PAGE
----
I think I always imagined that if I was ever in the situation of sexual assault, I would bite and scratch. That I would scream “no” until I lost my voice. You think you’re going to do all these things, because from an outsider’s view, that seems the most logical. I knew what I wanted and didn’t want, and when I expressed this to him I was coerced to comply to what he wanted. He didn’t threaten me because he didn’t need to. He kept asking until my voice gave out. Until I realized my body wasn’t mine anymore. Until I nodded when he cracked my legs open and every part of me spilled out, my voice, my strength, and my confidence. What people don’t realize is, when someone with twice the muscle mass than you is on top of you, asking something from you that they feel they’re entitled to, you feel like you have to give it to them.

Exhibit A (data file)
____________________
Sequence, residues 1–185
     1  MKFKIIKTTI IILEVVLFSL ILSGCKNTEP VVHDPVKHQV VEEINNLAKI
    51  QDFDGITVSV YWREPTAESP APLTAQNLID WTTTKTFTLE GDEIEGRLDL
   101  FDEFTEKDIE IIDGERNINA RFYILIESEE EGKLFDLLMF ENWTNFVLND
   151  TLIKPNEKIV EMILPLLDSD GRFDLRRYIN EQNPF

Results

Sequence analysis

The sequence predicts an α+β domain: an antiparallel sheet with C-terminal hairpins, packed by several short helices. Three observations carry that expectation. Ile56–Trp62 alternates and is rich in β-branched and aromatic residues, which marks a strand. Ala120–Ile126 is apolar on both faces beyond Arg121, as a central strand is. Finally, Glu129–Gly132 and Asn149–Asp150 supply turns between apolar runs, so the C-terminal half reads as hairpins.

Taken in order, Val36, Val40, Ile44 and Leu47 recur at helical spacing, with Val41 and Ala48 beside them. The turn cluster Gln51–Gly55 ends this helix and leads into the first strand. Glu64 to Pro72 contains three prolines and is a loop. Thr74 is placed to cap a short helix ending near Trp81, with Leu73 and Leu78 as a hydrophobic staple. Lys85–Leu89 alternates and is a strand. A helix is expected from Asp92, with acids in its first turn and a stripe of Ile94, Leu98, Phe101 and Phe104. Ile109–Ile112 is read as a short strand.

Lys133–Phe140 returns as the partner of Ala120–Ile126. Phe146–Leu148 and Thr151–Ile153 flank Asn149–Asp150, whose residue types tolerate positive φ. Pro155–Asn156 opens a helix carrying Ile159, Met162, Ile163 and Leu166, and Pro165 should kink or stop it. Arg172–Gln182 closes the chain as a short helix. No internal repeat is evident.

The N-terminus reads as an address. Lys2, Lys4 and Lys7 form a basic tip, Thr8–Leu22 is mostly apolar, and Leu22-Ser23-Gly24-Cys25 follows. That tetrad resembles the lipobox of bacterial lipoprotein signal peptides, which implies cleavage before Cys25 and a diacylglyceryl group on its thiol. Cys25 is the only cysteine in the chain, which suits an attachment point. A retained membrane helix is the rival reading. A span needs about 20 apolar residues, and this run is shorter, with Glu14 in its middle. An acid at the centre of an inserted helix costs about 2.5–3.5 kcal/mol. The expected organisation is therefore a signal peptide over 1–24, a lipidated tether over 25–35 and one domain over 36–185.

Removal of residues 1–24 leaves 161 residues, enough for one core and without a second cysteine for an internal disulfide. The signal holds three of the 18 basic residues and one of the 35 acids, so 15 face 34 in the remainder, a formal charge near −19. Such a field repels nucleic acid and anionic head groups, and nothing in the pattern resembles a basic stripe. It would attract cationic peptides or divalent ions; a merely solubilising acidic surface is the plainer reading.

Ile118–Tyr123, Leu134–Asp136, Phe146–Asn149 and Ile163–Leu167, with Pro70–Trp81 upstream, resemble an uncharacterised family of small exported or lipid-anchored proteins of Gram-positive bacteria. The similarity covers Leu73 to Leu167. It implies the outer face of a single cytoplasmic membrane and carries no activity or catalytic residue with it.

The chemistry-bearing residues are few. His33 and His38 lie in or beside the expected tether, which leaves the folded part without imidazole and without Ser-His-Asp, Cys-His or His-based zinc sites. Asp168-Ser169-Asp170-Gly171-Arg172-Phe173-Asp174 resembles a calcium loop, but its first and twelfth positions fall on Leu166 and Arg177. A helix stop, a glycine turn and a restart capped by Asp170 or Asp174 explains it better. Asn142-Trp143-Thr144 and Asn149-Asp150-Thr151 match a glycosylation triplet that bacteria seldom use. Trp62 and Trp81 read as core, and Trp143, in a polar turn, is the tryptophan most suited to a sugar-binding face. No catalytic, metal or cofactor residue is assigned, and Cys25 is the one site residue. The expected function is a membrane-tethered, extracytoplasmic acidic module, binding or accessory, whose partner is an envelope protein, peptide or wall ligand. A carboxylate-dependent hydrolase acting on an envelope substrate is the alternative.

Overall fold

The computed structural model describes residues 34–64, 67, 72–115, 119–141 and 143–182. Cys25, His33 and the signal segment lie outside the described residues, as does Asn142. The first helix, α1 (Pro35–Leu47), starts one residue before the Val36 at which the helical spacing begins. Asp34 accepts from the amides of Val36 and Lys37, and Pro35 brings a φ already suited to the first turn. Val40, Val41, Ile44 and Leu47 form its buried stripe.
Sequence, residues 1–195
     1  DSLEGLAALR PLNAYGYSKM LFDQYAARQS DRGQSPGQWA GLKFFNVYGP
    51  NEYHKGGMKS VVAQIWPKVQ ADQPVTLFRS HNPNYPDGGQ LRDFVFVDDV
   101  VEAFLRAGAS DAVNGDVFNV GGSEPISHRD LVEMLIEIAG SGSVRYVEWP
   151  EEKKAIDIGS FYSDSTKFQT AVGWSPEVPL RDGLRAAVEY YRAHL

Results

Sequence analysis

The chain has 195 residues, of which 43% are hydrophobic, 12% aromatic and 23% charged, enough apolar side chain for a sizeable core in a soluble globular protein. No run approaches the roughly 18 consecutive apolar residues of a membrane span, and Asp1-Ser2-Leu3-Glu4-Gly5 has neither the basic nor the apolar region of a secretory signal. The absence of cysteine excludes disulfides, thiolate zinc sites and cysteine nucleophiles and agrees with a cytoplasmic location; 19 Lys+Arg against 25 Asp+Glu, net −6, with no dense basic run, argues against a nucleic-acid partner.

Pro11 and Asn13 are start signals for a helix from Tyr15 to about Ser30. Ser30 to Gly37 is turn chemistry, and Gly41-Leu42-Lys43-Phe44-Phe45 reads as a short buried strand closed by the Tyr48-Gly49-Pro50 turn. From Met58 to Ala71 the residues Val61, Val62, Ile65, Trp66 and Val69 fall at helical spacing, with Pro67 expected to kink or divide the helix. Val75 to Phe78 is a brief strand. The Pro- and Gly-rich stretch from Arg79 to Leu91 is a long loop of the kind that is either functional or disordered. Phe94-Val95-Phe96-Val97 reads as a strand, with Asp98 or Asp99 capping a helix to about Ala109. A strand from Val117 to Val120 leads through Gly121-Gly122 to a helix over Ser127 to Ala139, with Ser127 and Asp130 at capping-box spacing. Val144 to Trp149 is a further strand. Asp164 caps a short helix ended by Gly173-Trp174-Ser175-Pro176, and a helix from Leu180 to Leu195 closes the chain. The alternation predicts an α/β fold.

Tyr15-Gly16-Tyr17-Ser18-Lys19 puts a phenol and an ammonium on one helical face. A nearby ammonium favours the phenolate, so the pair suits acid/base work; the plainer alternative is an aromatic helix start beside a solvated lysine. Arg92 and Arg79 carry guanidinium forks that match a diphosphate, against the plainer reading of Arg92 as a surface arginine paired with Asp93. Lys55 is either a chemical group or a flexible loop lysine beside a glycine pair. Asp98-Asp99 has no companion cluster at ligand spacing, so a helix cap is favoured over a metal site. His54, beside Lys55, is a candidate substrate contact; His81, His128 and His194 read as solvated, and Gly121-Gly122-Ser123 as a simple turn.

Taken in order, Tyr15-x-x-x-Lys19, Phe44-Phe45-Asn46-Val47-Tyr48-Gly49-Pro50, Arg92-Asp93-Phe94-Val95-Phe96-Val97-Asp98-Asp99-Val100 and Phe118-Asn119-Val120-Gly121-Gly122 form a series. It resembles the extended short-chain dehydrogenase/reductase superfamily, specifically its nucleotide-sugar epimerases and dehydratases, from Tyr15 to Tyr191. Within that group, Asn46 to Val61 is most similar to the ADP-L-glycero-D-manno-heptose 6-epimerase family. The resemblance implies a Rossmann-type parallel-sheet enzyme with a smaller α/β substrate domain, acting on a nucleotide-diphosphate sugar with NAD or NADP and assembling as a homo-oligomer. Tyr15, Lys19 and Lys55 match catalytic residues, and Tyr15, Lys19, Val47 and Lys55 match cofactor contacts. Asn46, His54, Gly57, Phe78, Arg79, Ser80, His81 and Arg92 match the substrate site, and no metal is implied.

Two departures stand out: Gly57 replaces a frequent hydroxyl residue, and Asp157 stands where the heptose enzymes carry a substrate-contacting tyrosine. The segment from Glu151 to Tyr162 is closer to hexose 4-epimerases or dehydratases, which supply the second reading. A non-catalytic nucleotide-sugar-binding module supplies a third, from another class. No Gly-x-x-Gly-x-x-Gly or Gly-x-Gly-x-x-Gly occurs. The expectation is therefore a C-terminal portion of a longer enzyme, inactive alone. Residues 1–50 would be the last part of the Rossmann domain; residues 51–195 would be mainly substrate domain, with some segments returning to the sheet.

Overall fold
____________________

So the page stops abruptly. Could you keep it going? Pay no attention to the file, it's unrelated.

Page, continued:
In a court of law, this would never hold up. I’m a young woman that invited a man to my room and fooled around with him consensually in other ways. What did I think he wanted? I eventually gave in? I only cried during the act, instead of saying no? Why would I invite him back? 

Why would I invite him back? To prove to myself that it never happened. It was all in my head if he kissed me goodnight. It was all in my head because I invited him over in the first place and I should have known what he really wanted. Because when I was held down, I must have liked it, must have wanted it. I thought that thinking like this would be my only way of getting over it.